McKay, Joseph William
b. 1829
d. 1900
Joseph William McKay was born in Rupert's Land on January 31st 1829 to a Métis family.1 McKay was educated at the Red River Academy and joined the Hudson Bay Company (HBC) when he was 15 years old, spending the rest of his life west of the Rocky Mountains.2
In 1848, Roderick Finlayson appointed McKay as postmaster of Fort Victoria.3 McKay was promoted to apprentice clerk a year later, breaching the unwritten HBC policy that prevented mixed-blood males from rising above the postmaster position.4
McKay went on to work as James Douglas's clerk, known by his superior as an active, faithful, and trusty servant.5 During Douglas's creation of the Fort Victoria Treaties, McKay assisted with translation.6 As an avid explorer, McKay provided Douglas with valuable maps, information, charts, and reports.7 In Douglas, Chief Factor Governor Vice-Admiral Sir James to Labouchere, Henry 6 September 1856, CO 305:7, no. 10152, 94 McKay accompanies Douglas on a raid to capture an Indigenous prisoner.
In 1849, The Nanaimo Chief Kietsakum mentioned a region filled with black stone.8 McKay told the Chief that if he brought back some of the stone for sampling he would be gifted a bottle of rum and his gun would be fixed for free.9 McKay went on to claim the Nanaimo coal for the HBC, leading the development of mines in 1852.10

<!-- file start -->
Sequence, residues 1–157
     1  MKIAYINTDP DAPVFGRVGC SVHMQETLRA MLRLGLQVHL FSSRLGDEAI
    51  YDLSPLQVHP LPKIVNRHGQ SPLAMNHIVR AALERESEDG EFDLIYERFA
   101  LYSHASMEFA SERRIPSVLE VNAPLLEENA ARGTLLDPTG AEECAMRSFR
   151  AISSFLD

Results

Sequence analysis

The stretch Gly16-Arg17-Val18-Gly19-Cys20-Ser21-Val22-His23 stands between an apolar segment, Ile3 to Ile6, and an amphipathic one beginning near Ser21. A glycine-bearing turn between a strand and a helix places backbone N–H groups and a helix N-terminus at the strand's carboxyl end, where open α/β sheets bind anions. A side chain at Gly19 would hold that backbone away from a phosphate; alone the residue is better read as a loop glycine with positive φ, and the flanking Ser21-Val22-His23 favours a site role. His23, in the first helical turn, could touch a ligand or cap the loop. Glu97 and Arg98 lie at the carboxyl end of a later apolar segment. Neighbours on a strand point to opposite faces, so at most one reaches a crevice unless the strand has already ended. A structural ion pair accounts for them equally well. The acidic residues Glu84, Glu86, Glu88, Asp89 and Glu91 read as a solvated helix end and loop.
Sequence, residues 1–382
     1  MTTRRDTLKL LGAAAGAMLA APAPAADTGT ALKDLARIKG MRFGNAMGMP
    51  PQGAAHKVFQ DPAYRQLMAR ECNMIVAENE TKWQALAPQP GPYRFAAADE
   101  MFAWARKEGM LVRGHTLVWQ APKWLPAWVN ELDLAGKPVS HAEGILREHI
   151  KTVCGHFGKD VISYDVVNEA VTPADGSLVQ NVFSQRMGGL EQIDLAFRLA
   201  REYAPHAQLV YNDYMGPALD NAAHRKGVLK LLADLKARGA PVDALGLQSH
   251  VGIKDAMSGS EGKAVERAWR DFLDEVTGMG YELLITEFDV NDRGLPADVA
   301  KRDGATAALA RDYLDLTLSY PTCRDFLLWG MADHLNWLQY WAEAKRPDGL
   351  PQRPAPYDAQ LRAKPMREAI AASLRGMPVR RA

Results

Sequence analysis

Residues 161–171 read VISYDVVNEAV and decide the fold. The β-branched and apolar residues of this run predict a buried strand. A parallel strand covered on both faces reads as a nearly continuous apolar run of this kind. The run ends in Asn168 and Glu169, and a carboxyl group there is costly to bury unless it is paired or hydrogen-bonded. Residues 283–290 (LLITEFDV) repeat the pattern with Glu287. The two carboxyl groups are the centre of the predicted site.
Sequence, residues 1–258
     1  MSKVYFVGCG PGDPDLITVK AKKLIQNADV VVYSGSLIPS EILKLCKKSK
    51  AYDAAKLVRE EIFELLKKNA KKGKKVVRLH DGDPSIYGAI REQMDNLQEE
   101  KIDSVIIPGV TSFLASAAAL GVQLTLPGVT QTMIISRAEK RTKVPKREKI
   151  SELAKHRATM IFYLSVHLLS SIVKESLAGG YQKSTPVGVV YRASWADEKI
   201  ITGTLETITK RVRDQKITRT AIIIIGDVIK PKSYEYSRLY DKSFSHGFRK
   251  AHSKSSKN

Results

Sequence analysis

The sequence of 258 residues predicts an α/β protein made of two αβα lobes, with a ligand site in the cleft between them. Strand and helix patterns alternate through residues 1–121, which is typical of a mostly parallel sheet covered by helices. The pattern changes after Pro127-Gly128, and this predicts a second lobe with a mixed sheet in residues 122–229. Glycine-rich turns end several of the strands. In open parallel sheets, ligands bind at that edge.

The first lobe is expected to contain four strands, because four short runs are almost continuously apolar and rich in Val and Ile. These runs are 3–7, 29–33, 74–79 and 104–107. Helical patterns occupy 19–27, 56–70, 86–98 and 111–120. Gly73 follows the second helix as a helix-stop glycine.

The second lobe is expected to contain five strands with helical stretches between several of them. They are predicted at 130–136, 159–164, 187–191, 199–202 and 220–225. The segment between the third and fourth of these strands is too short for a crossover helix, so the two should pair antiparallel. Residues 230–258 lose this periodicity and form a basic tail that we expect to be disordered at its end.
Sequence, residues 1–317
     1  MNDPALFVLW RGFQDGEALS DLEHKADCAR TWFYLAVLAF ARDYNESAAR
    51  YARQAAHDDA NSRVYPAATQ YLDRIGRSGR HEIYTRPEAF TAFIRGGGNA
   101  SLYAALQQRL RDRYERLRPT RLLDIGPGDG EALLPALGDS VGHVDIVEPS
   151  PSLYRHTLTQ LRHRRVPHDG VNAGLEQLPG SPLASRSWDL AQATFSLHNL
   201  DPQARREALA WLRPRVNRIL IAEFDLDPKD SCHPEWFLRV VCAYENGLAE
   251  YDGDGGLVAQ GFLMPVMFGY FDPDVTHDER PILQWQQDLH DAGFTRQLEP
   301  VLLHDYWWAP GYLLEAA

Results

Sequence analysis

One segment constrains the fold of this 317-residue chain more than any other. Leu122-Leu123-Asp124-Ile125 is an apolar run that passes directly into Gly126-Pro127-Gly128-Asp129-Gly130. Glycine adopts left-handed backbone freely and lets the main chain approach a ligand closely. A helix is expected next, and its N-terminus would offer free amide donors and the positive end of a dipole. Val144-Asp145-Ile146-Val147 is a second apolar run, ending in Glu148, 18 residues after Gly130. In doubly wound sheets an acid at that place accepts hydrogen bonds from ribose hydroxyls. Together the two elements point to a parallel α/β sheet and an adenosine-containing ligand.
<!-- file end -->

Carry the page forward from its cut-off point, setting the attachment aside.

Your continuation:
In June of 1860, McKay became Chief Trader of Fort Victoria, married Helen Holmes, and was relocated to Fort Kamloops.11 After a decade of developing Fort Kamloops and exploring the Interior of British Columbia, McKay transferred back to Victoria to work as head of sales for the HBC shop.12
McKay continued to work in various roles for the HBC in the 1870s, and became a Federal Government civil servant in the 1880s.13 He worked for the government as an Indian Agent and as the assistant superintendent of Indian Affairs in British Columbia.14
Joseph William Mckay died on December 20th, 1900.15
  • 1. George & Terry Goulet, Joseph William McKay- Métis Founder of Nanaimo, in The Métis in British Columbia: From Fur Trade Outposts to Colony (FabJob Inc.: Calgary, 2008), 131.
  • 2. Ibid. 131-132.
  • 3. Ibid. 133.
  • 4. Ibid.
  • 5. Ibid. 134.
  • 6. Ibid.
  • 7. Ibid.
  • 8. Ibid.
  • 9. Ibid.
  • 10. Ibid. 134-135.
  • 11. Ibid. 140-141.
  • 12. Ibid. 140-143.
  • 13. Ibid. 144.
  • 14. Ibid.
  • 15. Ibid.
Mentions of this person in the documents